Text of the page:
June 22, 2015

Plus-Size Modelling: The Bigger Picture

Let me start by saying that this post is most definitely not an attack on Tess Holliday (pictured above) or on larger women in general. I am a huge advocate of the 'be who you want to be' way of life. I am far from a size 0 (or even a size 8), but I am happy. I have been on the receiving end of hurtful comments relating to weight, as well as more subtle ones regarding my lifestyle and food choices, but I have always been determined not to let them get to me. To me, being a UK size 12-14 is no big deal. Who cares? If I want to eat a Yorkie bar, I'll eat a bloody Yorkie bar, okay?!

But here is my problem with 'plus-size' modelling: there is no in-between. One client/company/magazine will publish a picture of a 'plus-size' model, who looks no more than a size 10. Another will use 'plus-size' models who look nearer to a size 30. Take the images below, for example:

The above images are photographs of 'plus-size' model, Myla Dalbesio. Myla featured in a Calvin Klein campaign in 2014, and CK came under attack from the public after putting such emphasis on the fact that the model they hired for this campaign was, apparently, 'plus-sized.' Myla is a US size 10, which makes her a UK size 14, but at 5'11" she still appears to be extremely slender. Somebody tell me, how is she plus-sized?! I know that the definition of 'plus-sized' in the industry is 12+, but this just seems absolutely absurd to me. I guarantee that I was not the only one who saw these photos and thought 'plus-sized? I must be plus, plus sized then!' 

To me, it seems that the fashion giants have heard our cries in the past, and misinterpreted them completely. Yes, we want to see an increase in diversity when it comes to modelling. No, this doesn't necessarily mean we just want to see models like Tess Holliday, who is a UK size 26 (US 22). Hats off to Tess; it takes a lot of guts to get your gear off like that, no matter what size you are, but especially when you're a size 26. She is a gorgeous woman, and I truly admire her confidence.

What we wanted, and what they continually fail to hear, is to see average sized women dominating the runway.

This is what we want to see more of:

The above images are photographs taken from Dove's 'Real Beauty' campaign, which launched in 2004. Sure, I'll admit: there's still a bit of airbrushing going on here. But let's face it, they are trying to sell us a product at the end of the day! These images highlight the diversity we are constantly seeking; a mixture of body types.We have rolls, we have cellulite, we have tummies! Thicker thighs do exist, teenage girls, don't be fooled by all the VS bullshit they're feeding you in magazines.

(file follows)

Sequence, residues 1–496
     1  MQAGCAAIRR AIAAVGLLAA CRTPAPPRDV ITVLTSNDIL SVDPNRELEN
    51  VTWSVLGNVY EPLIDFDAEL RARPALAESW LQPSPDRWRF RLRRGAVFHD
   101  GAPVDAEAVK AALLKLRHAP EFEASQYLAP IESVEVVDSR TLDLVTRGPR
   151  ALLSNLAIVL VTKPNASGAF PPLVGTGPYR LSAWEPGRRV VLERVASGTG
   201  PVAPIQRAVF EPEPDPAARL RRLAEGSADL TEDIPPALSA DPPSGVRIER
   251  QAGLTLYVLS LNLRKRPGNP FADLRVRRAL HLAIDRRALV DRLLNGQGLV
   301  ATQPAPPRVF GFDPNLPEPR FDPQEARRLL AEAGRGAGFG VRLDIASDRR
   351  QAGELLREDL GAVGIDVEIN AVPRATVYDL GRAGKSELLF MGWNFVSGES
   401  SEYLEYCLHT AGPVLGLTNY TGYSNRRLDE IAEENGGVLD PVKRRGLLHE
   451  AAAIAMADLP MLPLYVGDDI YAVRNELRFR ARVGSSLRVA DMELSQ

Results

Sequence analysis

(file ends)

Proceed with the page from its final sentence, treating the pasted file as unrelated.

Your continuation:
Here is what we definitely do not like: back in 2013, Debenhams introduced plus-sized (UK 16) mannequins in their stores, across the country. Many other retailers have done so since. Oh, so you introduced plus sized mannequins in your stores? Okay. Oh, so you're running a new plus sized campaign? Congrats. STOP making out like you're doing everyone a favour by showing us average sized women. You're really not; we see them every day in the street, at work and on the bus. START making them a permanent part of your prestigious advertising campaigns, your runway shows and your marketing.

If models like Tess Holliday are being given the opportunities to be successful in the industry, why aren't more size 8-18 women being given the same opportunities? 

Gone are the days where you can only be a model if you look like this:

The key criteria used to be height and ribs. I don't see either on Tess Holliday. So why are either still being applied to anyone?

Bigger isn't better. Let's nip this in the bud before we inflict this onto younger generations. Equality is what is better. Diversity is what is better. Being happy in your own skin is what is better. 

So what do you think guys? Are plus-size models like Tess Holliday promoting an unhealthy lifestyle? Is there diversity in the modelling industry or not? Let me know what you think!


  1. I don't think plus size models are promoting obesity at all just as much as stick thin models aren't really promoting anorexia. I think the media and brands need to realise that there is a lot of diversity in the world nowadays and only using hot skinny models is a little discriminating to the other how many percentage of the world that don't look like that!

    Natalie Ann xo // Petal Poppet Blogs ♥

    1. thankyou for your comment lovely! i totally agree, hopefully the only way is up when it comes to diversity in this industry!


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